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MLB Midseason Award Winners: Manager of the Year

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There was no baseball yesterday. There is no baseball today. There will be baseball tomorrow, but not until 7:05 PM, so it’s basically three days without anyone throwing a pitch in anger. Let’s kill the time, then, by arguing about who, if the season ended today, would be your award winners. Last up: Manager of the Year.

You’ve all heard my spiel about the Manager of the Year Award many times, but there’s nothing going on today, so I’ll offer it again.

The Manager of the Year Award says more about people on the outside, not the inside. On their expectations for a team as opposed to what the manager actually does. This is because a manager’s success is insanely dependent on his team’s talent level and health and because the things he actually does — motivation, clubhouse management, subtle pulls of the lever across a six month period, often involving data and background information of which we are not aware — are largely opaque to outsiders. If you do better with what outsiders thought you had six months earlier, hooray, you’re the manager of the year.

As such, the Manager of the Year Award does not really lend itself to analysis and prediction in the way the other awards do. The fact that the Giants suck does not mean that Bruce Bochy forgot how to be a good manager. The fact that the Cubs are underachieving does not mean that Joe Maddon has lost his way. The fact that the Twins and Brewers have exceeded expectations does not mean that Paul Molitor and Craig Counsell are now destined for Cooperstown. Stuff happens. Managers of the Year are picked either because their team is insanely dominant or because their team did better than most people thought they would.

Based on those factors, you could make a dominance case for A.J. Hinch of the Astros and Dave Roberts of the Dodgers. Or you could make an expectations case for Bud Black of the Rockies, Torey Lovullo of the Diamondbacks, Molitor or Counsell. I’d probably give it to Hinch and Roberts, but again, what does that really mean?

I’m sure you all have an idea about this. Let’s hear your arguments in the comments.

Brewers reliever Josh Hader in hot water over racist, homophobic tweets from 2011-12

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Brewers reliever Josh Hader didn’t have a good night. He gave up four hits and a three-run homer to put the National League in a big hole in the All-Star Game. That’s the kind of thing that has to stick with you.

Oh, and he was also revealed to be a SUPER BIG racist, misogynist and homophobe. That’s gonna stick with him too, and may land him in trouble with Major League Baseball.

Someone decided to dig through Hader’s Twitter history this evening and when they did they found some ugly, ugly stuff in there from back in 2011-12.* Hader was found to have used the n-word, liberally. He said “I hate gay people.” He said some super misogynistic stuff about wanting a woman who will cook and clean for him, among other pretty damn vile things. There were multiple references to cocaine. He said “I’ll murder your family” to one person and made some total non-sequitur tweet simply saying “KKK.” You name a social media etiquette line that one can cross and Hader not only crossed it, but he totally and gleefully trampled over. If you want to see that vile stuff you can see it over at The Big Lead, which screen-capped it. I presume Hader has deleted them by now.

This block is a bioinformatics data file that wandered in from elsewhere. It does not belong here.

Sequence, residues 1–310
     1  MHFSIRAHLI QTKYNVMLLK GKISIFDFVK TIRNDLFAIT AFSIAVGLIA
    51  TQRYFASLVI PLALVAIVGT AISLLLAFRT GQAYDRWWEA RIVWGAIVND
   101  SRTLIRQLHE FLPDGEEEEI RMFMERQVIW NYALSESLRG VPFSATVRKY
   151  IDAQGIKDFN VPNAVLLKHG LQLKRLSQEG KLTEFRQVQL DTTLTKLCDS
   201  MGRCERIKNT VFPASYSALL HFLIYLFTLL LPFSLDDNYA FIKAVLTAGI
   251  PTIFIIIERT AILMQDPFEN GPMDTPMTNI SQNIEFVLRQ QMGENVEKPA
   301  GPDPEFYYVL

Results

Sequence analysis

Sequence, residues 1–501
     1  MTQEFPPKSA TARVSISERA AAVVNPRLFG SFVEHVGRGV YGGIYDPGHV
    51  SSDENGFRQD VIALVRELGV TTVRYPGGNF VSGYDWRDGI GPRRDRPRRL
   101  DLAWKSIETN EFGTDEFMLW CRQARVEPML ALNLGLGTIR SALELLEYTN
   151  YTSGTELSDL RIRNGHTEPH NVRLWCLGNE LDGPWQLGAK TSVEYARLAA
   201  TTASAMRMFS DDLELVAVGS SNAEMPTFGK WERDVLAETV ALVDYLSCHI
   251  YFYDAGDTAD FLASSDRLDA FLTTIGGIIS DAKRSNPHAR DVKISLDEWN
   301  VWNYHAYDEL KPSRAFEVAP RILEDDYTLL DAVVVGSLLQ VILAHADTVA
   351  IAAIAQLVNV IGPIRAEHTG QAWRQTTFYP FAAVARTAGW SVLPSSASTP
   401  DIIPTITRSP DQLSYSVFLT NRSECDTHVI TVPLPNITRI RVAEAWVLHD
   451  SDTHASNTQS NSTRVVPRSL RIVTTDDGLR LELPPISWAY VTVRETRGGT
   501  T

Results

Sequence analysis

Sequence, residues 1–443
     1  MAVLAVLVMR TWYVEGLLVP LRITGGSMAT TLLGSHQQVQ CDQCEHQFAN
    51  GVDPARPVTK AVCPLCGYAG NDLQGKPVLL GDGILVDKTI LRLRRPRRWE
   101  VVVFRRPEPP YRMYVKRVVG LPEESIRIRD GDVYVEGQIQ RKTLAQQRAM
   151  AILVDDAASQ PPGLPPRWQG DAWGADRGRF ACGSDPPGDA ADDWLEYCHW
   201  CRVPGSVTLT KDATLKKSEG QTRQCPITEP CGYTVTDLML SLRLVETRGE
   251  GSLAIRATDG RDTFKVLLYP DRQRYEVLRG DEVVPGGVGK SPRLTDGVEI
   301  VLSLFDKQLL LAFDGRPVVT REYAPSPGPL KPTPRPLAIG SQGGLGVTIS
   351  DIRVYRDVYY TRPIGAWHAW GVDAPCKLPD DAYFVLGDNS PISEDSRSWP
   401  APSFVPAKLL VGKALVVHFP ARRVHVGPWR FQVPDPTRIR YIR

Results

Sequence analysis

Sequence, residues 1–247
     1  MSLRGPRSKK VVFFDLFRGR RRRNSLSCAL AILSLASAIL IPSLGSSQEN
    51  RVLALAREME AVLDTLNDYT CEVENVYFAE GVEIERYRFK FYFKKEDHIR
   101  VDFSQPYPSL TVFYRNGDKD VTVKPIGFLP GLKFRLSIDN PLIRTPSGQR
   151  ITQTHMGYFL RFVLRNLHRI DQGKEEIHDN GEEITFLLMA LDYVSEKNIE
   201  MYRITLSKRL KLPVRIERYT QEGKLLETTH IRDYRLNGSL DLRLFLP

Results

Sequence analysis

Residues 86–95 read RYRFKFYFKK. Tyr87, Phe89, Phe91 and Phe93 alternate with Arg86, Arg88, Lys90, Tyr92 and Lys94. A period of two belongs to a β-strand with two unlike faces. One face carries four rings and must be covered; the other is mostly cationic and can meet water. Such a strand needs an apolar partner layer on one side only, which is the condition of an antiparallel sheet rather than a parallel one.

The news of Hader’s old, unearthed tweets bubbled out as the All-Star Game was going on, and reporters met Hader in the locker room right afterward for comment. Hader owned up to them — there was no “I was hacked” excuses offered here — saying that the tweets were a sign of immaturity when he was 17 years-old. He said he plans to apologize to his teammates, saying they don’t reflect on him as a person now. His quote: “No excuses. I was dumb and stupid.” Which, well, yes, obviously.

That may not be the end of it, however:

These tweets are old, Hader may be a different person now and people can do a lot of growing up between 17 and 24. But Major League Baseball is not happy tonight, I can assure you, that an ugly social media incident blew up during its biggest showcase of the regular season.

Will Hader be disciplined? Hard to say, given that Hader wasn’t even drafted yet when those tweets were made and given that MLB’s social media policy was not even in place then. But it would not shock me at all if more comes of this than Hader merely apologizing to his teammates. Stay tuned.

*There are several putative Hader tweets floating around Twitter right now of a more recent vintage. Hader has locked his account, however, and they cannot be confirmed, and many people who were able to access his account before it was locked said those tweets were not there before, with the suggestion that they were Photoshopped. We are neither in the position to — nor do we have the inclination to — verify which of Hader’s tweets are legitimate and which are fabricated. We know, however, that there is more than ample, awful stuff that he has owned up to and we’ll leave it at that for now.